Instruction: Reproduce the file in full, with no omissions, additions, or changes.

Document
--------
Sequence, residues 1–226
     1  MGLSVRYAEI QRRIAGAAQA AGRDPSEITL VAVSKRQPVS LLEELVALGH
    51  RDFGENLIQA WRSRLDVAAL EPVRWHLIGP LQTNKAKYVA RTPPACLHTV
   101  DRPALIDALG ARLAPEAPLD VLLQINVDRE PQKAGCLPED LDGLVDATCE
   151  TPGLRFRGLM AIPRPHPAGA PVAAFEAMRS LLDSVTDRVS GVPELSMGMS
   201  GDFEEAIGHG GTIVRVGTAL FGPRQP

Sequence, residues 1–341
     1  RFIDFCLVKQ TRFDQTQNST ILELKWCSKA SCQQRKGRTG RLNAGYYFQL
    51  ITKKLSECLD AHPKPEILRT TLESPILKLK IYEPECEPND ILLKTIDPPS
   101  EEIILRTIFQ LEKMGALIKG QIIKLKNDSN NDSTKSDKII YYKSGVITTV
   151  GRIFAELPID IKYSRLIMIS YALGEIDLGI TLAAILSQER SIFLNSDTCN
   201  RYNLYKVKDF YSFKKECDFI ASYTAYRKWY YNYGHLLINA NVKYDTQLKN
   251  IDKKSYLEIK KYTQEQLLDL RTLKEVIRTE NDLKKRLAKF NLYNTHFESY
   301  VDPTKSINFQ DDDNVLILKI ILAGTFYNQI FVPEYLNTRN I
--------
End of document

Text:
Sequence, residues 1–226
     1  MGLSVRYAEI QRRIAGAAQA AGRDPSEITL VAVSKRQPVS LLEELVALGH
    51  RDFGENLIQA WRSRLDVAAL EPVRWHLIGP LQTNKAKYVA RTPPACLHTV
   101  DRPALIDALG ARLAPEAPLD VLLQINVDRE PQKAGCLPED LDGLVDATCE
   151  TPGLRFRGLM AIPRPHPAGA PVAAFEAMRS LLDSVTDRVS GVPELSMGMS
   201  GDFEEAIGHG GTIVRVGTAL FGPRQP

Sequence, residues 1–341
     1  RFIDFCLVKQ TRFDQTQNST ILELKWCSKA SCQQRKGRTG RLNAGYYFQL
    51  ITKKLSECLD AHPKPEILRT TLESPILKLK IYEPECEPND ILLKTIDPPS
   101  EEIILRTIFQ LEKMGALIKG QIIKLKNDSN NDSTKSDKII YYKSGVITTV
   151  GRIFAELPID IKYSRLIMIS YALGEIDLGI TLAAILSQER SIFLNSDTCN
   201  RYNLYKVKDF YSFKKECDFI ASYTAYRKWY YNYGHLLINA NVKYDTQLKN
   251  IDKKSYLEIK KYTQEQLLDL RTLKEVIRTE NDLKKRLAKF NLYNTHFESY
   301  VDPTKSINFQ DDDNVLILKI ILAGTFYNQI FVPEYLNTRN I